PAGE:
Q Breast cancer almost always becomes proliferative where? A In the ducts.
Q The innervation of the breast is from intercostal/segmental nn, easily enough. Do you know what specific levels though? A intercostal nn. 4-6
Q The pec major has a clavicular head,, which originates from the medial half of the clavicle. Where does the sternocostal head originate? A on the ant sternum, sup 6 costal cartilages, and the aponeurosis of the ext oblique m.
Q What is the innervation of the pec major? What about the pec minor? A major = lat/med pectoral n., minor = medial pectoral n.
Q What is significant about the medial pectoral n.? A It travels through the pec minor m.
Q The sternocostal head of the pec major by itself would extend the humerous from a flexed position. What would the clavicular head accomplish on its own? A flexion of the humerous.
Q To what mm. does the thoracoacromial artery supply blood? A To the pec major/minor
Q What is the origin of the pec minor? A Ribs 3-5 near costal cartilage
Q What mm. draws the scapula anterior AND inferior? A pec minor
Q What mm. acts as an antagonist to the traps/scm on the clavicle? A subclavius
Q This m. originates from the junction of rib 1/costal cartilage and inserts on the inf middle 1/3 of the clavicle. A subclavius
Q Is blood supply to the subclavius the same as to the pec major/minor? A Yes, it is from the thoracoacromial artery, BUT it comes from the clavicular branch as opposed to the pectoral branch.
Q The origin of this m spans from ribs 1-8 A serr. ant.
Q What is the innervation of the serr. ant.? What is unusual about the travel of this n.? A The long thoracic n. travels on top of the serr. ant (though covered by the lats for the most part), whereas most nn. travel underneath the mm. they innervate.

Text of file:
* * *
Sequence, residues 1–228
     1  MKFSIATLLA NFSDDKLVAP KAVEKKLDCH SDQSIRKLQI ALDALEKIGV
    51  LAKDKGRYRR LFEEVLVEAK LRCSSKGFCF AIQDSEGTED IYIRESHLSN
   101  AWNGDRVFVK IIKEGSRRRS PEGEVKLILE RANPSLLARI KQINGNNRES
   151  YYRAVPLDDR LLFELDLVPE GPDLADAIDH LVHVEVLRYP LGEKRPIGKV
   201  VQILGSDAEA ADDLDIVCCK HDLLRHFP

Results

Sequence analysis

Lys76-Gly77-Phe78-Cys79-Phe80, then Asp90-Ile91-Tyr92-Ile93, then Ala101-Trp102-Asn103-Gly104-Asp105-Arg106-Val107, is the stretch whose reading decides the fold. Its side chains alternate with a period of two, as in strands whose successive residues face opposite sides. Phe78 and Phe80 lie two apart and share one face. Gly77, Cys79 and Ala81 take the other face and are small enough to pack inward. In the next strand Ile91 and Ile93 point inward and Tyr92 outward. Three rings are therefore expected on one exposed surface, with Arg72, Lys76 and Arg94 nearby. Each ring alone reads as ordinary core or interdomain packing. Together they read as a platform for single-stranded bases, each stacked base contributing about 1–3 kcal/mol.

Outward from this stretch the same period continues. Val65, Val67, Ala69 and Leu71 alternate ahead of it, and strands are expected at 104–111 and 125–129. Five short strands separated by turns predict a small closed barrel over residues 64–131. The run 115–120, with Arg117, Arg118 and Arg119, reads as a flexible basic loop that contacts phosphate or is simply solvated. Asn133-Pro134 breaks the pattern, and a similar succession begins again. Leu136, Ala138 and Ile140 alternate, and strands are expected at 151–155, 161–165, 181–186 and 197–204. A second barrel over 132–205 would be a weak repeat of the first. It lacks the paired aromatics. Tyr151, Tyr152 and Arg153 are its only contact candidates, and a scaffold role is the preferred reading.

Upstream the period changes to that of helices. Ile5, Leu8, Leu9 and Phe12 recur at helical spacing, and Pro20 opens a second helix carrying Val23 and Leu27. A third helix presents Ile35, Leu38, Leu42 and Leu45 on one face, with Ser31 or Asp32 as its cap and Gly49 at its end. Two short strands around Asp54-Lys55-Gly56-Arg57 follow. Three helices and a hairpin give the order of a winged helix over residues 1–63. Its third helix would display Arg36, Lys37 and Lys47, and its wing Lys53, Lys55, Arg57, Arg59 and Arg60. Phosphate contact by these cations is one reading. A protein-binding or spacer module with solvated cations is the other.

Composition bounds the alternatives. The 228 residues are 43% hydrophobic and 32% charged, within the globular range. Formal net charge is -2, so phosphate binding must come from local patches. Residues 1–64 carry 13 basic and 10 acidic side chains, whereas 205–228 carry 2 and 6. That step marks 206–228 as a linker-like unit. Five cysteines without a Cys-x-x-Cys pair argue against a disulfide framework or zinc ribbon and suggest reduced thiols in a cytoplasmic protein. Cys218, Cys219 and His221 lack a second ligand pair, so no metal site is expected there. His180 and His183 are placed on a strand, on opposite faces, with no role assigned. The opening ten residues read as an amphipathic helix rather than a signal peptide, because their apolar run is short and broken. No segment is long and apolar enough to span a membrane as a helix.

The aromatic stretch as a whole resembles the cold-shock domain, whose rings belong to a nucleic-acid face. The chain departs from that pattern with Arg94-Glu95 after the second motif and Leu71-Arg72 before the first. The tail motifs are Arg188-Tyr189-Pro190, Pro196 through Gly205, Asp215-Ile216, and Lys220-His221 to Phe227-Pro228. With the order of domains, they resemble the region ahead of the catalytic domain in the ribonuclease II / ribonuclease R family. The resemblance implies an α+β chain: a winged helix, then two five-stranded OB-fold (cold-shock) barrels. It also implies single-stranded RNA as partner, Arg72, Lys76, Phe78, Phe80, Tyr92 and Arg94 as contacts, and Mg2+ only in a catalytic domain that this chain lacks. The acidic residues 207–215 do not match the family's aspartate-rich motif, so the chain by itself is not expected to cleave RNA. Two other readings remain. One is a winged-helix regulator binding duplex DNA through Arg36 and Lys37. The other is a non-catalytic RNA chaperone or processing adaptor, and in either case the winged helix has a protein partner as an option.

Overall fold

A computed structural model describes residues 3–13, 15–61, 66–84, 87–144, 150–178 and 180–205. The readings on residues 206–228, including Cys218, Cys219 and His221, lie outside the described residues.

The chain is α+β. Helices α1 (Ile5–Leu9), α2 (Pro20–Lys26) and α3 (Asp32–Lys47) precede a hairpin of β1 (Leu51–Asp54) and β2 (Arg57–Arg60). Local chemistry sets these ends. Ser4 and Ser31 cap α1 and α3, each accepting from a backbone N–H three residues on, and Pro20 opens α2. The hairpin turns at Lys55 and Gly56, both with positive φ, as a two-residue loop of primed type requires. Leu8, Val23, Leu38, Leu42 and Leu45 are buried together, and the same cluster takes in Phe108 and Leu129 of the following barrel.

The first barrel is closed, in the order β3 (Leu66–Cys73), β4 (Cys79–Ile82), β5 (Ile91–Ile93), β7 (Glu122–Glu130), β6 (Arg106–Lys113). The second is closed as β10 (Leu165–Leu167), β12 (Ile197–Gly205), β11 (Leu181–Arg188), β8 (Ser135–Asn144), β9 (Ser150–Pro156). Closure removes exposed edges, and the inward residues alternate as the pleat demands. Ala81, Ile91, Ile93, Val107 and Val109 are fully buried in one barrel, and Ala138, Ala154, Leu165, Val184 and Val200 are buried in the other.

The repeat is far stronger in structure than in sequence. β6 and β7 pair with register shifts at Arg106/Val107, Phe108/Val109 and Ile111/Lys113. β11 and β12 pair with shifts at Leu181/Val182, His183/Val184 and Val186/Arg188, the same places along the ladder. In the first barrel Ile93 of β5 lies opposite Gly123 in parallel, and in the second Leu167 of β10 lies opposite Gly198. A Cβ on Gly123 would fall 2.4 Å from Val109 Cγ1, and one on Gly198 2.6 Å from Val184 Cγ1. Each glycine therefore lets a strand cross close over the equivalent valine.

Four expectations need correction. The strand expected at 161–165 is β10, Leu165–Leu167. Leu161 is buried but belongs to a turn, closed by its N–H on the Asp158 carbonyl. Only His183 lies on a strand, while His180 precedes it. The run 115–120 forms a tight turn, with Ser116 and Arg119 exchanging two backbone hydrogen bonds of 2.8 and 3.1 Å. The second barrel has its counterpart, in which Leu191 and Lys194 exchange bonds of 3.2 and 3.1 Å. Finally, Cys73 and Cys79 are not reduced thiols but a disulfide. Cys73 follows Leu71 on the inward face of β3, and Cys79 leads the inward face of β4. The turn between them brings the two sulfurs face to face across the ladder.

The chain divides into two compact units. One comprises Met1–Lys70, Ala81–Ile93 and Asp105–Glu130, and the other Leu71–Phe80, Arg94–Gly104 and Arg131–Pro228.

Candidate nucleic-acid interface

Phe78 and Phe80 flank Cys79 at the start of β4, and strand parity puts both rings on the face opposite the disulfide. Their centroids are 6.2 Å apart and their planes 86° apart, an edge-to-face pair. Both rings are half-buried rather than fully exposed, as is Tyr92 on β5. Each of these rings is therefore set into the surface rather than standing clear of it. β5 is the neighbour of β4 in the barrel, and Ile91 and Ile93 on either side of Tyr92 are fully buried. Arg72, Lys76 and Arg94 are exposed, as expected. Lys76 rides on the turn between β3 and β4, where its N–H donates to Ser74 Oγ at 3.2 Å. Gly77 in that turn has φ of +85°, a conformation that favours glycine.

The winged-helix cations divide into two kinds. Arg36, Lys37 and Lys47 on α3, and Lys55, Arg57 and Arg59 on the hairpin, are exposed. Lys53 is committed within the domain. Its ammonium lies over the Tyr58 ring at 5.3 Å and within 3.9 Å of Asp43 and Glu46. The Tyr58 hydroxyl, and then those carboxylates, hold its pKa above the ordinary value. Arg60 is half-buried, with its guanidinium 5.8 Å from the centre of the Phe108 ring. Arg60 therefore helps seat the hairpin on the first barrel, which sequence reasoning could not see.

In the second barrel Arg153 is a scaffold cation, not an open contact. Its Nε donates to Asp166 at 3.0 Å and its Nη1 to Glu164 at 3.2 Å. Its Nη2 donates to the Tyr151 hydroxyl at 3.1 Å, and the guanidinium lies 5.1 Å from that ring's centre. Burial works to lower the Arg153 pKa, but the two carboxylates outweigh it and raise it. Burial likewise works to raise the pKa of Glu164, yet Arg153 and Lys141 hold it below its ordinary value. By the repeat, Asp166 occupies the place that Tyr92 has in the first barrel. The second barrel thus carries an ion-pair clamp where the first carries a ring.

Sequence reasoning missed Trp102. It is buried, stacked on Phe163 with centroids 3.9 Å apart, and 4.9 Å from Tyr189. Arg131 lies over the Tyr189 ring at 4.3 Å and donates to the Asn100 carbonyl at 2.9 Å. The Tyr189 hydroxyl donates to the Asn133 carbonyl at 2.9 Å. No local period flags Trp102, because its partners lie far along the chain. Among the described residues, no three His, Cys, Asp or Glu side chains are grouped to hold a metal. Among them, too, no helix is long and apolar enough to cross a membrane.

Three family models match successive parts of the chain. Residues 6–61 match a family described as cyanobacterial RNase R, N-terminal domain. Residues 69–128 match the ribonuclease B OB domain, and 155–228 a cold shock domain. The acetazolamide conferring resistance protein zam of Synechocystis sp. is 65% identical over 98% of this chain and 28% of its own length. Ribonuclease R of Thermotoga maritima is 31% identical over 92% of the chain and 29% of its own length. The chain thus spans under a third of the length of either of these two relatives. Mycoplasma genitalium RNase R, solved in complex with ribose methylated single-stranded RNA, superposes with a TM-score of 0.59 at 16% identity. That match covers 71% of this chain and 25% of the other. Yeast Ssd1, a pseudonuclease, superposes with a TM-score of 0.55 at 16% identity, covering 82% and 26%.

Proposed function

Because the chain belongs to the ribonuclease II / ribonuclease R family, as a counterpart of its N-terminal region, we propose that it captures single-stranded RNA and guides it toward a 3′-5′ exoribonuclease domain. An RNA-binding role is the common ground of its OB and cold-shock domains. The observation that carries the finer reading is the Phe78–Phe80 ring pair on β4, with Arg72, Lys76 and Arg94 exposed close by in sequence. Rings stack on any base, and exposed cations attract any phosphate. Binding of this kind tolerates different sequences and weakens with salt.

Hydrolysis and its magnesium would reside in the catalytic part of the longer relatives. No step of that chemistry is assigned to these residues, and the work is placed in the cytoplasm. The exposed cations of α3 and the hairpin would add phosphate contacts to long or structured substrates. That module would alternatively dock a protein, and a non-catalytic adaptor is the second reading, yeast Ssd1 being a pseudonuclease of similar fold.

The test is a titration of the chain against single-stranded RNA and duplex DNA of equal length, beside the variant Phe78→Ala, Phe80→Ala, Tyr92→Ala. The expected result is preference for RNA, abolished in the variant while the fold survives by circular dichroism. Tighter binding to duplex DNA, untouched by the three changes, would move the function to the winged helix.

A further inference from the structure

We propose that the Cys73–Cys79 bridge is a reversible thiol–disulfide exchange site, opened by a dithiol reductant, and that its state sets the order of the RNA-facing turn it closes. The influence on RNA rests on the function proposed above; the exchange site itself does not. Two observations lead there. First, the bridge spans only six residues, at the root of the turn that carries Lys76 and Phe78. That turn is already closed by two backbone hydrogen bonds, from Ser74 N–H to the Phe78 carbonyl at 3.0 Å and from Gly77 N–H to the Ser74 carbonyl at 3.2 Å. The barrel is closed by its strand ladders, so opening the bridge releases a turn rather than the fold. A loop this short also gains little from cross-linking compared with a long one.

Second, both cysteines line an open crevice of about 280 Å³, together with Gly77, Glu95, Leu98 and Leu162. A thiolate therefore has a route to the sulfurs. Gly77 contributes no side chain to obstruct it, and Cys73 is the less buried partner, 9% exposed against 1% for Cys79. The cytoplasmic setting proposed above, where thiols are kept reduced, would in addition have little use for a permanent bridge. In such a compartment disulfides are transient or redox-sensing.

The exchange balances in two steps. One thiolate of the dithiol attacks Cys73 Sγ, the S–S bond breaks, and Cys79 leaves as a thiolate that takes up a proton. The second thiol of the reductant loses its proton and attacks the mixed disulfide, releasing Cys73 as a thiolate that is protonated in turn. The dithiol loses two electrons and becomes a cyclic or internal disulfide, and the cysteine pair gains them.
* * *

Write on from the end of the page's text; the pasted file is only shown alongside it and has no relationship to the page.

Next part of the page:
Q This m. protracts the scapula, AND holds it against the thorax A serr. ant.
Q What is the blood supply to the serr. ant? A lat. thoracic artery
Q What mm. were found on the internal surface of the lower sternum when you cut through to the thoracic cavity in gross lab? A transverse thoracic mm/transversus thoracis
Q The innervation of the transversus thoracis m is from intercostal/segmental nn. What is the action of this m.? A depress the ribs for forced exhalation
Q The pericardium is a double walled "fibroserous" sac. What are the two ligaments coming off of this sac? A The pericardiacophrenic ligament to the central tendon (?) and the sternopericardial ligament to the sternum
Q How/where does the pericardium attach to the heart? A It is fused with the tunica adventitia of the great vessels
Q What are the two parts of the pericardium? A The serous pericardium which decreases friction during beating, and the fibrous pericardium which is for protection.
Q The serous pericardium has a parietal layer fused with the firbrous pericardium, and a visceral layer. What is another name for the visceral layer? A The epicardium
Q What is the function of the fibrous pericardium? A it limits overfilling
Q Where are the phrenic nn. and the pericardiacophrenic vessels found in relation to the heart? A They are inside the fibrous pericardium
Q Where is the transverse pericardial sinus located? Specifically, what structures is it behind/in front of? A ***Pos. to aorta/pulmonary trunk, and ant. to sup ven cav
QTher oblique pericardial sinus was palpated in gross lab, from the apex of the heart medial and superior. What are the borders of this sinus medially/laterally? A Medial = R sup/inf pulmonary veins, Lateral = L sup/inf pulmonary veins.
Created by: GrossAnatomy1